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10 April 2014 Gary Kaplan, MD Chairman and CEO, Virginia Mason Medical Center PowerPoint Presentation
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10 April 2014 Gary Kaplan, MD Chairman and CEO, Virginia Mason Medical Center

10 April 2014 Gary Kaplan, MD Chairman and CEO, Virginia Mason Medical Center

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10 April 2014 Gary Kaplan, MD Chairman and CEO, Virginia Mason Medical Center

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  1. Engaging Healthcare Professionals to Transform Care 10 April 2014 Gary Kaplan, MD Chairman and CEO, Virginia Mason Medical Center Jack Silversin, DMD, DrPH Founding Partner, Amicus, Inc

  2. Virginia Mason Medical Center Integrated health care system 501(c)3 not-for-profit 336-bed hospital Nine locations 500 doctors 5,500 employees Graduate Medical Education Research Institute Foundation Virginia Mason Institute

  3. Our Strategic Plan

  4. Seeing with our EyesJapan 2002 Team Leader Kaplan reviewing the flow of the process with Drs. Jacobs and Glenn at Hitachi Air Conditioning plant

  5. Take-Aways How are air conditioners, cars, looms and airplanes like health care?  • Every manufacturing element is a production processes • Health care is a combination of complex production processes: admitting a patient, having a clinic visit, going to surgery or a procedure and sending out a bill  • These products involve thousands of processes—many of them very complex • All of these products involve the concepts of quality, safety, customer satisfaction, staff satisfaction and cost effectiveness • These products, if they fail, can cause fatality

  6. The VMMC Quality Equation Q: Quality A: Appropriateness O: Outcomes S: Service W: Waste Q = A × (O + S) W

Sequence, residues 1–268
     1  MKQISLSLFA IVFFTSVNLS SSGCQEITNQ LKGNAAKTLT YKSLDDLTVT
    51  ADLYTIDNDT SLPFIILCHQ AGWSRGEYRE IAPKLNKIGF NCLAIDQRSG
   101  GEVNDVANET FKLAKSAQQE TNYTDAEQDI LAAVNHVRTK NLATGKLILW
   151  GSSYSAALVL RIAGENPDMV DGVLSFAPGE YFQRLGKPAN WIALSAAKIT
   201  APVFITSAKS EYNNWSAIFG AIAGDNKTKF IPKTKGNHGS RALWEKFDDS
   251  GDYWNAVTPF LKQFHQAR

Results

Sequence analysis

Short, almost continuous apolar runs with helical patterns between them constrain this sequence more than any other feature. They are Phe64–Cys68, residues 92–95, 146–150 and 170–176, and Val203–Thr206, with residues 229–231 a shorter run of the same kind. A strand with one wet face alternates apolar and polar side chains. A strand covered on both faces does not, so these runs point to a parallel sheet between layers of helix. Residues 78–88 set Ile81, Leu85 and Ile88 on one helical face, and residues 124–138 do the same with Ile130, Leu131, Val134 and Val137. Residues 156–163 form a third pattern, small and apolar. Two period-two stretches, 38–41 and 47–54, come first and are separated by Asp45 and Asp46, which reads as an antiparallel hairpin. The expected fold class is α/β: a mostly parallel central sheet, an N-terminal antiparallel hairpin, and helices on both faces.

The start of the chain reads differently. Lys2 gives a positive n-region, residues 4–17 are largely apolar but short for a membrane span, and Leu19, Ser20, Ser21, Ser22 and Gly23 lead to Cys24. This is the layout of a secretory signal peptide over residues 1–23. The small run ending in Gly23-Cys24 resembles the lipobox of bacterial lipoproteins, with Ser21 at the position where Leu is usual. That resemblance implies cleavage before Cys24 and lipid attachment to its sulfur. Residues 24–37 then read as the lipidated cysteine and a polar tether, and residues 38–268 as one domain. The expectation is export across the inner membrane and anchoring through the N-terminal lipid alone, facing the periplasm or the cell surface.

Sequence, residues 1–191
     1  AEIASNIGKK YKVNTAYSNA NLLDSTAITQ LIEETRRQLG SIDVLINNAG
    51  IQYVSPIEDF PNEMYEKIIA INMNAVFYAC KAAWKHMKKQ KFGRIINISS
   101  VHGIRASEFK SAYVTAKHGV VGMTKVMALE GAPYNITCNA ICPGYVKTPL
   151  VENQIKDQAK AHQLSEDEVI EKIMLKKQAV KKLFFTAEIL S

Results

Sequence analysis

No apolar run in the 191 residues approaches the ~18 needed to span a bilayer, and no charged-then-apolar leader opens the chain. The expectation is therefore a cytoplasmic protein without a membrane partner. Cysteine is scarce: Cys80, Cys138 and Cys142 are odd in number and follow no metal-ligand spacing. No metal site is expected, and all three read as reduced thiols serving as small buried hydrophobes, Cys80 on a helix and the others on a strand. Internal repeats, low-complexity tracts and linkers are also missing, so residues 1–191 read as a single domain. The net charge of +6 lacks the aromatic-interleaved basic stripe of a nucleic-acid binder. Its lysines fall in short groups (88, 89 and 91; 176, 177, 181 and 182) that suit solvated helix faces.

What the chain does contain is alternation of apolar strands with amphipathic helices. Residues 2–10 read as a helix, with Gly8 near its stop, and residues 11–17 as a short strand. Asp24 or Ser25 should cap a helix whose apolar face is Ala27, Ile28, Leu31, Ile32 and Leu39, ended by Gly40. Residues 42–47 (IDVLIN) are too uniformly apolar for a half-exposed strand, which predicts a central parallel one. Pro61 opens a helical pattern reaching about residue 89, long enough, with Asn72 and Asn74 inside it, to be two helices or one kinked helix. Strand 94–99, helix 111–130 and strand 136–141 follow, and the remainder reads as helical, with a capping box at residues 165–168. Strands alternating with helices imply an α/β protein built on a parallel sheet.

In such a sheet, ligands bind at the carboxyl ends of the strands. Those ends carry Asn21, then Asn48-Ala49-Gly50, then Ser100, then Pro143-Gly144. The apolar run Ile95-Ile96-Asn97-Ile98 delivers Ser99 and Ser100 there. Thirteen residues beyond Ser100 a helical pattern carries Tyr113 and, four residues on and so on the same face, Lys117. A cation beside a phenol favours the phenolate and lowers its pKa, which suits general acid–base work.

7. New Management Method: The Virginia Mason Production System We adopted the Toyota Production System philosophies and practices and applied them to health care because health care lacks an effective management approach that would produce: Customer first Highest quality Obsession with safety Highest staff satisfaction A successful economic enterprise

  8. VMPS Tools in Action Value Stream Development RPIW (Rapid Process Improvement Workshop) 5S (Sort, simplify, standardize, sweep, self-discipline) 3-P (Production, Preparation, Process) Standard Work Daily Work Life

  9. “Nursing Cells” – Results > 90 days RN time available for patient care = 90%! Before After • RN # of steps = 5,818 • PCT # of steps = 2,664 • Time to the complete am cycle of work = 240’ • Patients dissatisfaction = 21% • RN time spent in indirect care = 68% • PCT time spent in indirect care = 30% • Call light on from 7a-11a = 5.5% • Time spent gathering supplies = 20’ 846 1256 126’ 0% 10% 16% 0% 11’

  10. Lindeman Surgery CenterThroughput Analysis Before Today % Change • Time Available 600 min 600 min 0% (10 hr day) • Total Case Time 107 min 65.5 min 39% (cut to close plus set-up) • Case Turnover 30 min 15 min 50% Time (pt out to pt in) (ability to be <10 min) • Cases/day 5 cases/OR 8 cases/OR 60% • Cases/4 ORs 20 cases 32 cases 60%

  11. Primary Care – Flow Stations Creating MD Flow Reduces Patient Wait Times • VMPS Concepts of a Flow Station • Waste of motion (walking) • Continuous flow • Visual control (Kanbans) • External setup • Water strider • U-Shaped Cell URGENT CERNER MESSAGE PAPER MAIL DOCUMENT VISIT RESULT REPORT $ CHARGE SLIP $

  12. Stopping The Line

  13. “Stopping the Line”Organization-wide Involvement • Staff identify and report issues and concerns using the Patient Safety Alert System • Leadership involvement with investigation and resolution • Board Quality Committee review and approve closure of high-severity issues (Red PSA’s)

  14. Categorizing Patient Safety Risk Events 3 Basic Risk Sources • Evaluation • Treatment • Critical interactions 27 Specific Risk Categories 3 of the top 5 risks • Direct Patient Care • Medication • Laboratory Order & Collection

  15. Overall staff response rateVirginia Mason Medical Center 2013 AHRQ Mean = 51% We look “different” since 2009. Why? What might be the benefit and lesson if we go higher?

  16. Reduction of Hospital Professional/General Liability Premiums % change from previous year, with 74% overall reduction in premium since 2004-05 7% 30% 12% 12% 5% 12% 26% 12% 11%

  17. Virginia Mason Medical CenterHospital of Decade: Efficiency and Effectiveness

  18. Tuesday Morning “Stand Up”